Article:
CASE NO. 1769

Heard at Montreal, Tuesday, April 12, 1988






The assessment of 20 demerit marks to Locomotive Engineer R. Lachance, of Joffre, Quebec, which resulted in his dismissal for accumulating 60 or more demerit marks.


On November 6, 1986, Locomotive Engineer R. Lachance accepted a call to deadhead from Quebec City on Via Train No. 21. Rather than taking Train No. 21, he travelled by bus.

Following an investigation by the Company, he was assessed 20 demerit marks for: "Failing to comply with the instructions to travel deadhead on Train No. 21, on 6 November 1986, reporting late for work and not travelling deadhead on Train No. 21 on 6 November 1986 after receiving and accepting a call to that effect."

The demerit points assessed, added to those already in his file, resulted in his dismissal.

The Brotherhood contests the discipline assessed.

The Company declined the Union’s appeal.


(Sgd.) G. HALLé (Sgd.) M. DELGRECO

General Chairman for:Assistant Vice-President, Labour Relations

There appeared on behalf of the Company:

J. E. Pasteris – Labour Relations Officer, Montreal

D. C. St. Cyr – Labour Relations Officer, Montreal

S. Groux – System Labour Relations Officer

D. Gignac – Labour Relations Officer, Montreal

D. Lussier – Co-Ordinator Special Projects Transportation, Montreal

And on behalf of the Brotherhood:

G. Hallé – General Chairman, Quebec

G. Whightman – Local Chairman, Montreal

R. Lachance – Grievor



The evidence shows that on November 6, 1988, the grievor, Richard Lachance, undertook a trip by car for personal reasons before proceeding to Joffre to meet his crew and travel deadhead to Montreal, as ordered by the Company that morning. He left his home in Charny at about 06:15 to go to Sainte-Foy, intending to return to Joffre in time for the train’s departure at 07:10. After he left his home, the first snowfall of the season began, resulting in an accumulation of snow such that traffic was seriously hindered, particularly on the bridge between Sainte-Foy and Joffre. The grievor was thus unable to return to Joffre in time for the departure, and so missed the VIA Rail train that took his crew to Montreal. He therefore decided to travel to Montreal by bus, but without so informing the Company.

While his crew was travelling to Montreal, the Company decided to assign it to move freight train No. 429, which had been immobilized at Saint-Hyacinthe, en route for Montreal. At that point it was discovered that the grievor was absent, and the Company was thus obliged to send another crew from Montreal to Saint-Hyacinthe, by taxi, to take charge of the train. Consequently, the grievor and his crew arrived in Montreal, as intended, except that Mr. Lachance made the trip by bus. The Company claims that the delay and the expense caused by its having to assign the other crew to train No. 429 was the fault of the grievor, and that the delay, at least, would have been avoided if Mr. Lachance had notified the employer of his situation.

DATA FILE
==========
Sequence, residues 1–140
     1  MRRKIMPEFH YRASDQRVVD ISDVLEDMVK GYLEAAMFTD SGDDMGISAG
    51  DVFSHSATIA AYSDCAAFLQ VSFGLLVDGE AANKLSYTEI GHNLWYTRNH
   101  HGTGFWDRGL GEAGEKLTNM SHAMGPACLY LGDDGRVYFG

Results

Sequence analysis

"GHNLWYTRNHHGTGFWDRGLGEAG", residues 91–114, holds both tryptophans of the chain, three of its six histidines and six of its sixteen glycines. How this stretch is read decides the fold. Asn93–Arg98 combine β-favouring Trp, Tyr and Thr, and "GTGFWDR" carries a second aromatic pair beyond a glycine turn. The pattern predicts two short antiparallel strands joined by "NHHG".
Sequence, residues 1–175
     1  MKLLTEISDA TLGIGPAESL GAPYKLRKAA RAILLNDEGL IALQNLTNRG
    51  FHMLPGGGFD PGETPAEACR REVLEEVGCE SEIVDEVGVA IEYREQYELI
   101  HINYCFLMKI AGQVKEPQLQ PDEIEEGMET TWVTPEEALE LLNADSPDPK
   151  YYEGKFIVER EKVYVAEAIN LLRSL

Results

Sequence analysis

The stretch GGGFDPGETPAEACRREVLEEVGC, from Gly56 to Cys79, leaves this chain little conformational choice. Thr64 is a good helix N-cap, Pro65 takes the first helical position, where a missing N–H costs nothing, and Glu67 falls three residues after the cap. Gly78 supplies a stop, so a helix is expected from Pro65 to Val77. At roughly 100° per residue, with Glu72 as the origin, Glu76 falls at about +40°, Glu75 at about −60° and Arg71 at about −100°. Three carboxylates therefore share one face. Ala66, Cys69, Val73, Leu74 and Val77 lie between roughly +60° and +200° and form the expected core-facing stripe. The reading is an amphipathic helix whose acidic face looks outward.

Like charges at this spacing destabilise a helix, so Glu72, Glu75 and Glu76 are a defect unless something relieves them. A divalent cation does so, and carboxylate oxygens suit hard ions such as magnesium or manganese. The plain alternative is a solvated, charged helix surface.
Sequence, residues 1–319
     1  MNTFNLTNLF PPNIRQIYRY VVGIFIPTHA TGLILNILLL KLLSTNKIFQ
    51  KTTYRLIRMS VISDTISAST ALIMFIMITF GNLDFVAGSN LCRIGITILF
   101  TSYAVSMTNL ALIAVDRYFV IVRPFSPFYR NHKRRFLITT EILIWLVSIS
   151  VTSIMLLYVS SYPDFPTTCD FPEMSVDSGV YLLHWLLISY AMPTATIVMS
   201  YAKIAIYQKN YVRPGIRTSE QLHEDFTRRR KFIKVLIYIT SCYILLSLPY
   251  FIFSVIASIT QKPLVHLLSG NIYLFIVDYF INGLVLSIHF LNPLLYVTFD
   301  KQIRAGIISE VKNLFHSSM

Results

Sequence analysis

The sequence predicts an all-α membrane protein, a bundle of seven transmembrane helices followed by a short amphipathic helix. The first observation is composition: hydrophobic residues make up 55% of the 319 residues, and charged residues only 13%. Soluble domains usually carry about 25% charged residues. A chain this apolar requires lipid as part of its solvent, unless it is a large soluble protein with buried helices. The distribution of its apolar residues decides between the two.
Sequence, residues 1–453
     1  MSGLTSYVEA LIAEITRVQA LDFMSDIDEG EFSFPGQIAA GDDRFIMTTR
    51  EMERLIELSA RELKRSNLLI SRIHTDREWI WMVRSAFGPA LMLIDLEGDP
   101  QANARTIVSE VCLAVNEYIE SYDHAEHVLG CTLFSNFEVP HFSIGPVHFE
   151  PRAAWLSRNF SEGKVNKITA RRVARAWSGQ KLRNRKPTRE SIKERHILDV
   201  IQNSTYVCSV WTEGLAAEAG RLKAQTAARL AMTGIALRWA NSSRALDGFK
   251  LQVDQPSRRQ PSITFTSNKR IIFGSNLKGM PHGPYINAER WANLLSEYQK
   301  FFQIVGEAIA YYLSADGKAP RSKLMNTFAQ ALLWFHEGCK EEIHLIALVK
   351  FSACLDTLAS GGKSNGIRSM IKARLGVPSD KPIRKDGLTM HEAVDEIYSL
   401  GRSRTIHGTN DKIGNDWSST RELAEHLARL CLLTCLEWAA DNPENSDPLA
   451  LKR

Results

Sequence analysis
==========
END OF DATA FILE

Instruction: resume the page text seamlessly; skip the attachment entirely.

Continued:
In short, the grievor reported late for work, and did not inform the Company in advance of his delay nor of his decision to travel to Montreal by bus. The Arbitrator agrees that Mr. Lachance failed in his duty to keep the Company informed of the reasons for his lateness and of the fact that he was travelling to Montreal by other means. However, I cannot accept the Company’s claim that Mr. Lachance’s failure to report to Joffre at 07:10 resulted from a dereliction of duty toward the Company. If the facts could show that the grievor had ventured out into a snowstorm for personal reasons shortly before the time his crew was to leave, the Company’s position would be more convincing. The evidence shows, however, that when Mr. Lachance left his home for Sainte-Foy, the weather was normal and he expected no difficulties. The weather reports submitted as evidence show that snow did not begin falling until after 06:30. Mr. Lachance thus found himself in an unexpected traffic jam and consequently could not report to work at the time set. For these reasons, the Arbitrator cannot conclude that Mr. Lachance was responsible for his reporting late for work on the morning of November 6, 1988.

On the other hand, I see no reason why he could not have informed the Company of his delay, by telephone, before boarding the bus, even if it would have further delayed his departure. An employee’s first duty, whether he or she is late or absent, is always to keep the employer informed of the situation. This is particularly true in the case of a locomotive engineer, whose presence is essential for a train to be moved. In the event, Mr. Lachance clearly failed in that duty, and so merited disciplinary action.

The Arbitrator considers that the penalty of twenty demerit marks is excessive in this case, given Mr. Lachance’s nineteen years of service and the fact that his reporting late for work resulted from circumstances beyond his control. Nevertheless, he deserves some disciplinary penalty for not having notified the Company of his lateness. Even though his disciplinary record was substantial, I cannot conclude that he deserved to be dismissed. The Arbitrator therefore orders that the grievor be reinstated in his position, with no loss of seniority and no demerit marks assessed, and be reimbursed half of the wages and benefits lost. I remain seized of this matter in the event of any dispute between the parties respecting the amount owed the grievor or the interpretation or implementation of this award.

April 15, 1988 (signed) MICHEL G. PICHER